• First, determine what kind of information source you need. For books, use a catalog; for articles, use a periodical index database; for Websites, use a Web search engine.
  • Choose a database that addresses the right subjects. Consider what discipline(s) would have information about your research topic. If you're looking for periodical articles, think about where you could find a specialized index for engineering, medicine, biology, literature, current affairs, or some other area. If you can't find one, a multidisciplinary index is also a great place to start researching.

Searching the Database

  • Try writing your topic as a statement or question, and then underlining the terms representing the important concepts. Think of alternative words you could use to represent the same idea. Consider synonyms, broader and narrower terms, antonyms, and colloquial versus professional or technical terminology.
  • Figure out how to combine these key concepts; Use OR to combine terms that represent the same idea; use AND to combine the different terms or sets of terms representing the ideas. Save NOT for times when you need to exclude a topic that comes up frequently.
  • Don't just browse the main headings to find articles related to a topic, as you might do with an encyclopedia. For example, if you are looking for articles that deal with the literary themes of "The Phantom of the Opera," it is not the best strategy to scan down a table of contents and look for articles that contain that combination of words. Useful information about this topic might be in articles about "Broadway," "Andrew Lloyd Webber," or "Opera Garnier."
  • Use the complex search features of database search engines. For example, if you enter "Phantom of the Opera" as one term and "Romanticism" as another, you can get all the articles that address both of these topics.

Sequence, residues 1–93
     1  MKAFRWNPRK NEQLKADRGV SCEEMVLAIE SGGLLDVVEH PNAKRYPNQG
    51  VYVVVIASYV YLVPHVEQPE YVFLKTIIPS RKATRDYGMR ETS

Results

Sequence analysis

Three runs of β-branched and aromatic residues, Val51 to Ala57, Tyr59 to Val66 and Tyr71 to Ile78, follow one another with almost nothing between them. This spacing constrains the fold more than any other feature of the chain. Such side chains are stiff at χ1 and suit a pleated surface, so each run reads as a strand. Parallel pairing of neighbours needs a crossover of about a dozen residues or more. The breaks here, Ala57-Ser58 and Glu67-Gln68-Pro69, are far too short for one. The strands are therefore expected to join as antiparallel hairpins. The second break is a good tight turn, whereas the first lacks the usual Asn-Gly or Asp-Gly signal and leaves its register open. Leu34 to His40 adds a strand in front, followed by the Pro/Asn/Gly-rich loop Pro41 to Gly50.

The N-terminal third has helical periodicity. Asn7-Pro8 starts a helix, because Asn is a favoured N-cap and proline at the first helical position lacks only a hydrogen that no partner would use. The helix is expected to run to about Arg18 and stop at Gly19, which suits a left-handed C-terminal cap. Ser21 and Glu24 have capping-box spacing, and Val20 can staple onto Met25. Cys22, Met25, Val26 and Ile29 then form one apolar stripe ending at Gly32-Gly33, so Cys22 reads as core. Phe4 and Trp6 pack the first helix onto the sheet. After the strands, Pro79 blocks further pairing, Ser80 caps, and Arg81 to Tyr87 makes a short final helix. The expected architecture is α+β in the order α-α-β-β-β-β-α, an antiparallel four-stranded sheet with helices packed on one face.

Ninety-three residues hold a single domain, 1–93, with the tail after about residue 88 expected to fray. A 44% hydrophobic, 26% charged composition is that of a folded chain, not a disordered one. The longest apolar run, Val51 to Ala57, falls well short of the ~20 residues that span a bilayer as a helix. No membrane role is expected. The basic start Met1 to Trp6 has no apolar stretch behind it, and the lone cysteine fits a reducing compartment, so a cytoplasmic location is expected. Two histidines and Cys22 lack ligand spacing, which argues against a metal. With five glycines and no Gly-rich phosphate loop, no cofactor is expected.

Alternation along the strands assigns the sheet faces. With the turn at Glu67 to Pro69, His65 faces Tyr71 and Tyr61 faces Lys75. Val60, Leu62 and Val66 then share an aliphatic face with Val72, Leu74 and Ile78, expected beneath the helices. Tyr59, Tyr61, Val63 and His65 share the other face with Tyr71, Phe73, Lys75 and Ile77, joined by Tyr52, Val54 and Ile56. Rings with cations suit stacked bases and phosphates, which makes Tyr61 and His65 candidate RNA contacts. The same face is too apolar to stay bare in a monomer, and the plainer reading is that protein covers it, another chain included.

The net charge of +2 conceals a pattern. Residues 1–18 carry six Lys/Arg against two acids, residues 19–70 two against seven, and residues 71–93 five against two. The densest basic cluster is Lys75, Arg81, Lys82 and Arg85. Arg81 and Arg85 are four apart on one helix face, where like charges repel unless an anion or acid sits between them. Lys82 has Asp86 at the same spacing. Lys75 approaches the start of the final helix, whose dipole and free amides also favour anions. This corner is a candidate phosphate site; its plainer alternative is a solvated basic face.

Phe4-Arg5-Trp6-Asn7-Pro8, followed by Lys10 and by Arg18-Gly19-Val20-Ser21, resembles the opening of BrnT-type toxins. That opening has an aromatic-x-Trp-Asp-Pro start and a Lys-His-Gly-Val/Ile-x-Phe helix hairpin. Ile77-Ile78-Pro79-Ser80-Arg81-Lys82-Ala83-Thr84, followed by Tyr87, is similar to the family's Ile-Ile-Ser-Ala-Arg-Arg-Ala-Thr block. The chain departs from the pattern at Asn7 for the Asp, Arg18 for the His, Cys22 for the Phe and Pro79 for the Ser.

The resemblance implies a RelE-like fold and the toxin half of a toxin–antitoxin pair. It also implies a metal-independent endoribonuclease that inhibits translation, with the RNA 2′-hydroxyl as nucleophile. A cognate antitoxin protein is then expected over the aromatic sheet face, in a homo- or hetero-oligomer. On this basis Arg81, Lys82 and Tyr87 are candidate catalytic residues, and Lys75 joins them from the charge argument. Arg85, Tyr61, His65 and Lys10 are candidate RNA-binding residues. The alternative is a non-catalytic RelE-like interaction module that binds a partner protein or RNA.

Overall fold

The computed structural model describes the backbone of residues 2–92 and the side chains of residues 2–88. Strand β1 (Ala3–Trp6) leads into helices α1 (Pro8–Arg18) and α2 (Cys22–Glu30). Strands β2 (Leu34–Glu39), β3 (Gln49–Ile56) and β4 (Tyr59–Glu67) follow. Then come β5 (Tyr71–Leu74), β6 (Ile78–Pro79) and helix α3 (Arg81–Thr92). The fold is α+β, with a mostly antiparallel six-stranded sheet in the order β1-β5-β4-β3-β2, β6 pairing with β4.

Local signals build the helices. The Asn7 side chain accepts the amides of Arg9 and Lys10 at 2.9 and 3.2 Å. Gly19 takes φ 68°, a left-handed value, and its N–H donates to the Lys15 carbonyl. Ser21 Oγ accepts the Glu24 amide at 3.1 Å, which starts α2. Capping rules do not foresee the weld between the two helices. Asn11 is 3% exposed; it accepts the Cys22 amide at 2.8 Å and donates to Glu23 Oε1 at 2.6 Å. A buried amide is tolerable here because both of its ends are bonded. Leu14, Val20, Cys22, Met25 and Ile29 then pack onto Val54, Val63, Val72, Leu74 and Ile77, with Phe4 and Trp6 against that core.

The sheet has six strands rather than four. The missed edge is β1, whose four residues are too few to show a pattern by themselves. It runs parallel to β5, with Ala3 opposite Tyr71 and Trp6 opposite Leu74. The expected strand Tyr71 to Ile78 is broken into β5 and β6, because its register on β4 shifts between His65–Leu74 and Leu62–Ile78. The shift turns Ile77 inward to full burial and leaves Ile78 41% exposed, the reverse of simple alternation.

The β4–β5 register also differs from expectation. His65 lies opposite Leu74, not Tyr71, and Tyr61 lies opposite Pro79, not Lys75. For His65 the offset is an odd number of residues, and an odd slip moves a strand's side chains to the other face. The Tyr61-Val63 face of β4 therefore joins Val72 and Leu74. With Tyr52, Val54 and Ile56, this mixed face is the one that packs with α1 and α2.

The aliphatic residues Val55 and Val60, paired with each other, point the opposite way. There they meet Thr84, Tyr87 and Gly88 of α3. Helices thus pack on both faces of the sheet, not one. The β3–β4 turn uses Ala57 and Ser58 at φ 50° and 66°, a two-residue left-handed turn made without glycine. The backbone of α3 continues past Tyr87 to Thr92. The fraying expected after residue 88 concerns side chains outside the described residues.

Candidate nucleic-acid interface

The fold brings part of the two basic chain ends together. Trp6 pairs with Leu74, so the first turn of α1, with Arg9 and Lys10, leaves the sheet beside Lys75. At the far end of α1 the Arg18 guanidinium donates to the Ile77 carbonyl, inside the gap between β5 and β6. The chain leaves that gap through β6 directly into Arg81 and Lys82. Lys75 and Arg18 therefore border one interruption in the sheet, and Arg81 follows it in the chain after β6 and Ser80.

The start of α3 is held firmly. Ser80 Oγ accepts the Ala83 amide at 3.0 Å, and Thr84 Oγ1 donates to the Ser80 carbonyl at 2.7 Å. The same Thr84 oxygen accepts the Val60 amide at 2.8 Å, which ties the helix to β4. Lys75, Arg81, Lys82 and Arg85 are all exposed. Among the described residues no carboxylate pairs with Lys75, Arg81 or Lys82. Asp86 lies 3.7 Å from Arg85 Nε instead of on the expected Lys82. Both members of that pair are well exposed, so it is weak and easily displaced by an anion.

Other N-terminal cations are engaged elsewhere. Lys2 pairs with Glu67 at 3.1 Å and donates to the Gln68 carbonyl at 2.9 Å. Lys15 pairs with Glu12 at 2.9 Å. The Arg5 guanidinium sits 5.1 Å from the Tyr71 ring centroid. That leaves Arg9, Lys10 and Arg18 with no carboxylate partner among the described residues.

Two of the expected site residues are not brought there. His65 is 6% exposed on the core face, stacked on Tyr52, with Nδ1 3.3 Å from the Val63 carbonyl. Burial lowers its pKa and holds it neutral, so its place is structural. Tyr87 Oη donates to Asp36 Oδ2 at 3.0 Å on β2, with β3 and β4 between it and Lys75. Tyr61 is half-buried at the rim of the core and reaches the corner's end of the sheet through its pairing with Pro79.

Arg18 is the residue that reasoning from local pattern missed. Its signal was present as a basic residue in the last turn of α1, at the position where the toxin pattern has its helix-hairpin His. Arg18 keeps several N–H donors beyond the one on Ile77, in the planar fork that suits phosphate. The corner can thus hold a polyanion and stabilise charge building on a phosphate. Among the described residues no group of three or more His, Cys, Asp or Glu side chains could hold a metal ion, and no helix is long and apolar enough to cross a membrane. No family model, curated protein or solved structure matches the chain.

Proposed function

• Use "wildcards." In the preceding paragraph I suggested entering the term "romanticism." Yet, what if the author of an article did not use this specific phrase, but something like "darkly romantic symbolism?" You could enter the search word "romant*," and the computer will look for any words that begin with those letters.
  • Take advantage of supplementary features the database search engine supplies to make your work easier. For example, a database program may be so well designed that users can simply respond to menu items that enable them to "find more articles" or that "restrict the search." In addition, many search engines, like Vivisimo.com supply menus of related words to help users focus their searches.

If you're still unsure how to use the electronic databases which are available to you, don't be afraid to ask you local librarian for assistance, or look for Web tutorials like those offered by Monash University.

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Comments 3 comments

librarianinthetrees 9 years ago

This is exactly the type of lesson school librarians teach our students. Nice job!


matrix44 6 years ago from england

I believe that information is the key.But we are only human.

Great Job.


gwatex 5 years ago

that's great.